HowToDeltaEpsilon - How to Do ε, δ Proofs for Continuous...

Info iconThis preview shows page 1. Sign up to view the full content.

View Full Document Right Arrow Icon
This is the end of the preview. Sign up to access the rest of the document.

Unformatted text preview: How to Do ε, δ Proofs for Continuous Functions Using the Difference Quotient In order to prove f is continuous at x = a we need to find a δ > 0 for each ε > 0 such that |f (x) − f (a) | < ε for all x satisfying |x − a| < δ . Step 1: Check to make sure the function is actually continuous at x = a. Step 2: Pick a value δmax such that the function does not have an infinite discontinuity in the interval (a − δmax , a + δmax ). Setting δmax = 1 usually works and makes the math simpler. Step 3: Form the difference quotient (this is the slope of the secant line through the points (a, f (a)) and (x, f (x)).) Step 4: Find a number m that is larger than the maximum value the absolute value of the difference quotient achieves for x in the interval (a − δmax , a + δmax ). Step 5: The answer is given by δ= δmax · δmax ε m if ε < m if ε ≥ m Example 1: Prove f (x) = x3 − 2x2 + 5 is continuous at x = 3. . Example 2: Prove f (x) = 1 is continuous at x = 5 . 2 x−2 . Example 3: Why does this method fail if used to prove f (x) = continuous at x = 0? Prove this using another approach. |x| is ...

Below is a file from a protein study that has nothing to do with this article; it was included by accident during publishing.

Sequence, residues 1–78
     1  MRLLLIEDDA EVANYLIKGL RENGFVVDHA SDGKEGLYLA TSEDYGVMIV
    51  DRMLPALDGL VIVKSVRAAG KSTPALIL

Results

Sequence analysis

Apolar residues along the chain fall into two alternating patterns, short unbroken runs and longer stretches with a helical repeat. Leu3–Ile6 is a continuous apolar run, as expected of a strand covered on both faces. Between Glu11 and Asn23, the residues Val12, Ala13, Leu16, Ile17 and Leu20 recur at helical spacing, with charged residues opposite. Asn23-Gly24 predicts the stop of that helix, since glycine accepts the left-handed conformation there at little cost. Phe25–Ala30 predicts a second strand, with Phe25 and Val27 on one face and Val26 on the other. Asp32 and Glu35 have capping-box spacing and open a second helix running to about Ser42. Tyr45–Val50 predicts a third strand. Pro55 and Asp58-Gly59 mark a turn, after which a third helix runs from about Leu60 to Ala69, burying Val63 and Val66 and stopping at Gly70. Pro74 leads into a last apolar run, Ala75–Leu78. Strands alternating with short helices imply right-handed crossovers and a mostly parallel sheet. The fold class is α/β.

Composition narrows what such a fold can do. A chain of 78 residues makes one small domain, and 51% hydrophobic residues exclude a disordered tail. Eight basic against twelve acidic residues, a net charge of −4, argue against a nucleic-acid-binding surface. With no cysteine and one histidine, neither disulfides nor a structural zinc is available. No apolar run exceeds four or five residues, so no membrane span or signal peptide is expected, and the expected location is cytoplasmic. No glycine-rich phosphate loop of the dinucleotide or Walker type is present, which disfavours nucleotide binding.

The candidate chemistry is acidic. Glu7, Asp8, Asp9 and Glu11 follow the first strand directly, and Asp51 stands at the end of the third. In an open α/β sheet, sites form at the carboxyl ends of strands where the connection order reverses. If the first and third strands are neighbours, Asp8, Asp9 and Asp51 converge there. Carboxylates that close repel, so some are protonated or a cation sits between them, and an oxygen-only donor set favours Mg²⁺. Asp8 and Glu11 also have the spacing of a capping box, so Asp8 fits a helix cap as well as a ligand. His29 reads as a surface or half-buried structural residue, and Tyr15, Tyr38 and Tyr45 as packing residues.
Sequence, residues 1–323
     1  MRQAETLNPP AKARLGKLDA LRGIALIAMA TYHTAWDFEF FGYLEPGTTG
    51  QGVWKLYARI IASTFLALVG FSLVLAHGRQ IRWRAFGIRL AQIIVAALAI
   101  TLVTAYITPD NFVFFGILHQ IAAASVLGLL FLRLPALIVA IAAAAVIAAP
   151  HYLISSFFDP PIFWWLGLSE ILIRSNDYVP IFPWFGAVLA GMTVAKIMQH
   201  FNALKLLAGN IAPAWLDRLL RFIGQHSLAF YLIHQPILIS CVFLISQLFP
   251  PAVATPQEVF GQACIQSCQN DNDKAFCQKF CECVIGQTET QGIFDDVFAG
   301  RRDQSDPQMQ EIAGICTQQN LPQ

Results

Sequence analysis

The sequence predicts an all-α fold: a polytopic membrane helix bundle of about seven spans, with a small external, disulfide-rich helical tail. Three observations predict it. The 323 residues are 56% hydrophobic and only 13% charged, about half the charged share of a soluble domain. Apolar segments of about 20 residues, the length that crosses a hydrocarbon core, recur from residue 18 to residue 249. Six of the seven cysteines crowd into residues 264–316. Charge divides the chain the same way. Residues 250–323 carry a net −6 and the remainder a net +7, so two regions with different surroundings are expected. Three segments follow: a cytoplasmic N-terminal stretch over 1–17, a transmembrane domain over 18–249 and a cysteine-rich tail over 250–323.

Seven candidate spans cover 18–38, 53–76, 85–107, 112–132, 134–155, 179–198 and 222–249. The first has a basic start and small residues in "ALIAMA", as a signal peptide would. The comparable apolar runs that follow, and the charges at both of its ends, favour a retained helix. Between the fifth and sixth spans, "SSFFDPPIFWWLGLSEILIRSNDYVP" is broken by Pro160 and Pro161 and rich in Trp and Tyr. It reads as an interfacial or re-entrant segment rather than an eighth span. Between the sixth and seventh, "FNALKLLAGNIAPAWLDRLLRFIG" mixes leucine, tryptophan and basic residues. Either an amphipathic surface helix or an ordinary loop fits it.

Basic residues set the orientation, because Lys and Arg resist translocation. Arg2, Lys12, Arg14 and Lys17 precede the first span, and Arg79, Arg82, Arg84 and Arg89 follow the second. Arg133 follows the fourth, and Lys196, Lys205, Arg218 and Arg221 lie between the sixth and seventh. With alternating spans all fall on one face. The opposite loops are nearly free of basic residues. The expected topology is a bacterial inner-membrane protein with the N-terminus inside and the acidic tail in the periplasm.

View Full Document

This note was uploaded on 02/05/2011 for the course MATH 1A taught by Professor Wilkening during the Spring '08 term at University of California, Berkeley.

Ask a homework question - tutors are online